Gainesville, Florida. — Florida coach Dan Mullen finally admitted he had made some unfortunate comments last year when he said he could only scratch his head, and redoubled his efforts to fill the team’s stadium during the pandemic.

But Mullen did not apologize for his silence after Mullen’s family members told ESPN that they believed he would eventually go to the NFL.

There are a lot of rumors, but I haven’t talked to anyone, Mullen said in an interview with Zoom on Tuesday, two days before spring training begins.

Mullen, 48, was specifically asked about the possibility of turning pro, perhaps after next season or later.

I’m gonna talk about it: I think a lot of people are trying to figure out what the future of college football will be, he said. I love it here at the University of Florida. I think we have an excellent program. We have a great fan base, a great history and the ability to win a championship program every year.

I think the coaches are worried about the future of college football. … I think there’s a lot of uncertainty that we’re trying to understand right now, what our future holds.

Between a burgeoning transfer portal that forces coaches to constantly rip off their players and the vague questions about the possibilities of building a name, image and reputation, it’s not hard to see why coaches might want to get out of the game. The coronavirus pandemic also demonstrated that university athletics has a financial model that can collapse in a short period of time.

Urban Meyer, former Florida and Ohio state coach, has left the broadcast booth to join the Jacksonville Jaguars in the NFL. He becomes the third college coach in as many years to make the switch. Kliff Kingsbury transferred from Texas Tech to the Arizona Cardinals in 2019 and Matt Rhule transferred from Baylor to the Carolina Panthers in 2020.

Mullen certainly has what it takes, whether it’s making Mississippi State a regular threat in the Southeast Conference or helping the Gators return to the championship game. His resume also includes several jobs with NFL quarterbacks like Alex Smith, Cam Newton, Tim Tebow and Dak Prescott. Former Florida quarterback Kyle Trask will be Mullen’s next player as QB. Arkansas Felipe Franks could also be a late pick.

Mullen has spent nearly three decades in college, the last 16 of which have been with an SEC energy firm.

The last one is probably the busiest. He was asked to comment on his desire to repopulate the swamp after losing Texas A&M and cramming 90,000 fans at Florida Field during a public health crisis.

He also hesitated after the loss against Oklahoma in the Cotton Bowl, insisting that Team Florida’s final 2020 game was actually the SEC title game. The Gators were without their top four receivers and top three defenders against the Sooners, and Mullen praised the efforts of his scout players, whose comments were seen as a distraction from the Oklahoma victory.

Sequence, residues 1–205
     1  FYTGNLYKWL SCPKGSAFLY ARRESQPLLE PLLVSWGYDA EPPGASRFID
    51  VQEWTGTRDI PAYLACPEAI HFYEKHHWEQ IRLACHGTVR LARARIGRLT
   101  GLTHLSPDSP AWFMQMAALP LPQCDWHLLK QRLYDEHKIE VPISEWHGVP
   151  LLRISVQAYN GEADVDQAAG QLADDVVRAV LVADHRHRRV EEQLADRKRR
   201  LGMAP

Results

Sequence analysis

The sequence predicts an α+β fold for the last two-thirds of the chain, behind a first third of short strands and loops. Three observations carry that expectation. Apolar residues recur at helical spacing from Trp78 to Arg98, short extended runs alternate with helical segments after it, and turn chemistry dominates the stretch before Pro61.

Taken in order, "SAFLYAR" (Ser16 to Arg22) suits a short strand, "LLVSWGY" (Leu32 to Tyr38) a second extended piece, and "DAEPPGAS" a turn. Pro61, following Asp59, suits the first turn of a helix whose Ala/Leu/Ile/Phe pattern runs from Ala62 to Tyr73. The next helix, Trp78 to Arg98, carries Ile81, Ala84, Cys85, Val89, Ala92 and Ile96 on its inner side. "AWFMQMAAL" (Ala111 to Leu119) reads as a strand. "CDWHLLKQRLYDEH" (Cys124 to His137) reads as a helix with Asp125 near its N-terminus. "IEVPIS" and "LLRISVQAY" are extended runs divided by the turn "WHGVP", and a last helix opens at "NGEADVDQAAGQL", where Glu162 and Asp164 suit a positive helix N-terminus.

I think sometimes I’ve said things that were, you know, maybe unfortunate, maybe misinterpreted, maybe interpreted differently, Mullen said. You are always trying to improve, perfect yourself and look better. I think one of the things you need to do is look back, think and say: Is that the right approach at this time?

Mullen has had other great moments in 2020.

The SEC gave him a warning and a $25,000 fine after league officials ruled that he had fueled rather than resolved a tense situation with Missouri that led to a half-time fight on Halloween night. Mullen wore a Darth Vader costume during his post-game press conference, essentially embracing the role of villain.

He found himself in warmer waters just before Christmas, when the NCAA said Mullen failed to create an atmosphere of compliance because he had inappropriate contact with a rookie in Seattle and allowed inappropriate contact with seven teams that stayed in Gainesville en route to competition in Tampa.

These violations put Florida on probation with the NCAA for the first time in 30 years.

Shaw’s announcement of the penalty also likely means there will be no promotion or overtime for Mullen, who is 29-9 since replacing Jim McElwain following the 2017 season. He has three years left on his six-year, $36.6 million contract, making him the 10th highest paid college football coach.

Yes, I don’t control that part, so I have to take care of what I do control, he said. It could be at someone’s press conference. That would be a good question for her.

The Associated Press contributed to this report.

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